Hachette Book Group:

Penguin Random House:

Hyperion Books:

Cracked Jar Press:

Nephilim Press:

Book Reviews

The book reviews that I analyzed I found at, an online publication. I chose books that are familiar to a wide range of people and whose authors are noted as some of the greatest living of the time or are extremely popular: The Shining by Stephen King, You Suck! by Chritopher Moore, Mockingjay by Suzanne Collins, Percy Jackson: The Lightning Thief, and The Clockwork Angel by Cassandra Clare. The reviews are all posted by professional literary critics that have reviewed publications before.

The reviews generally start with a brief summary or synopsis of the work that they are analyzing. This includes a run down of the plot as well as the characters and their place in the work. It gives a decent outline of what can be expected to be addressed in the book as well as what kind of characters and situations that are being dealt with. The length of the summary does not seem to follow a particular format or pattern. Some go into quite a bit of detail in the plot in the summaries, such as in the review for The Clockwork Angel, while others choose to keep it short and straight to the point so that the readers have less of an idea of what is all included in the book, such as in the review for the Mockingjay.

After the summary, the writer addresses specific events or parts of the book that they happened to find interesting in one way or another. For example, the writer for the You Suck! review describes “what struck [her] in particular”, while the writer for the Percy Jackson: The Lightning Thief chose to include her favorite part of the book and why it stuck and resonated with her. What follows includes an analysis of the book, as well as the plot and the characters, so as to point out either interesting character development or to praise specific techniques that the author used to achieve a certain affect.

Along the same line as discussing the success of the author and the writing, the review also notoriously contains criticism for what the writer or the book failed to do for the reviewer. For example, the reviewer for Percy Jackson: The Lightning Thief wrote about “what bothered [her] about this section of the book” and the reviewer for Mockingjay lamented its flaws such as in the characterization. Whatever praise is mentioned in the review is tampered by some amount of criticism, which is to be expected of the genre. Without negative feedback being involved, I could hardly describe it as criticism.

Lastly, upon weighing what the author has done well against their failings, the writer gives a judgment on whether the book was favorable or unfavorable to them. This is directly addressed near the end of the review in which the writer either encourages others to read it or declares their dissatisfaction with the writing. For example, the reviewer for The Clockwork Angel harshly interjects that the book “left [her] cold and unimpressed”. On the other hand, the reviewer for You Suck! end his review by asking the audience “what more could you want?” out of the reader about the book. The ending judgment of the book that the writer is reviewing is perhaps the most important part. A good review could mean more traffic for the writer and a greater profit, but a bad review could hurt a book’s market or the writer’s reputation.


The Shining:

You Suck!:


Percy Jackson: The Lightning Thief:

Clockwork Angel:

Literary Writer FAQ

The FAQ page is meant to provide information to the reader either about the author or their works. The information provided is based upon how frequent the question has been asked. The questions that are answered on the FAQ page are those that have been continuously asked. This is information such as how readers can contact the author, what their inspiration was, or what their future works pertain to. This page encapsulates questions about the author, specific series or books, or perhaps even certain characters. Other information that is typically included covers things such as events being held such as signing or upcoming release dates of their newest works.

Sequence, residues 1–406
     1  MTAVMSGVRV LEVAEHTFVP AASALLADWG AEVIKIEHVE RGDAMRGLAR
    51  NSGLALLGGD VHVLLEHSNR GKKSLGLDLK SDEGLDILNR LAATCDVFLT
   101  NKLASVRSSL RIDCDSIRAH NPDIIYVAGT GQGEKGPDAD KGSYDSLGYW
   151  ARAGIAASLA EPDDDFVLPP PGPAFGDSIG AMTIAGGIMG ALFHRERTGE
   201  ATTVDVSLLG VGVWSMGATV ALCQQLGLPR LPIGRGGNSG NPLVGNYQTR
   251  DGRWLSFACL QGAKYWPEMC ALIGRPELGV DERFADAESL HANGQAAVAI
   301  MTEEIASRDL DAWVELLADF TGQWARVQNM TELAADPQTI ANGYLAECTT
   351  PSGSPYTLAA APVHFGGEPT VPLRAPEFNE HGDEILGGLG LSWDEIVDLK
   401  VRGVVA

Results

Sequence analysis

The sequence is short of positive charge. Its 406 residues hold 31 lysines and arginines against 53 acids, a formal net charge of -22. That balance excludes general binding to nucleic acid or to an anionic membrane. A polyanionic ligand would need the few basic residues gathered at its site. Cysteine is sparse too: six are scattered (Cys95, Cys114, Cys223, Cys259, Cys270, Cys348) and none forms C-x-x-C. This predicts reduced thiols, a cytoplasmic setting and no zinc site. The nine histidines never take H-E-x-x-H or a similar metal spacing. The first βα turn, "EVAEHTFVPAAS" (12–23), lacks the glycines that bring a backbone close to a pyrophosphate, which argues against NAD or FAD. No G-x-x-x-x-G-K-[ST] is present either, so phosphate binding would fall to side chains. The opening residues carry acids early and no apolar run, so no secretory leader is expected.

Although the ‘Frequently Asked Questions’ page can be organized in numerous different ways, there tends to be a loose formatting guide that structures the questions into an easily decipherable way. Headings and subheadings were often used to categorize the FAQs based upon their subject. This technique splits the questions and answers into groups that the reader can choose to use to decide what category the question they have is under. This allows for easy navigation of the text for the reader. Other textual features were changed in order to show a change in topic or subject matter. Bold, italicized, and underlined text also worked as a means of dividing the FAQs and signifying their limits. More commonly, the questions were either numbered or listed in bulleted form. This format helps the reader navigate the questions just as well as the textual changes. The numbers or bullets give the text an ordered form for the reader to follow. Interestingly, the text was split up into a list form, and each separate line can be clicked on to expand and show the answer. These hidden text features allow for the reader to skim the questions to find one that interests them, and then once clicking on it, it provides the information without the distraction of other answers being shown. It allows the reader to narrow down and navigate the page.

The information that is provided follows a specific Question and Answer format. The questions is stated, in question form, and is often differentiated from the answer by some sort of bold or italicized text. Then after the question, the answer is given in a short and concise manner that strives to fully answer the question being addressed. I have noticed that the question can be answered in different tones and formality depending on the author. For example, Rick Riordan uses personal pronouns such as “I” and addressed the reader directly using “you”. The answers are most generally personal and familiar that leaves the reader feeling as if the writer was speaking to them alone and was answering them directly. However, there were others, such as James Patterson, whose FAQ was extremely not personable and was answered in third person. The more intimate FAQs in often includes a section in which the writers give advice to aspiring writers that wish to become published. The question is proposed and the author subsequently writes how they became good at writing, tips to getting over writer’s block, and other advice that might be able to encourage an aspiring writer.


Stephen King:

Rick Riordan:

James Patterson:

Margaret Atwood:

George R. R. Martin: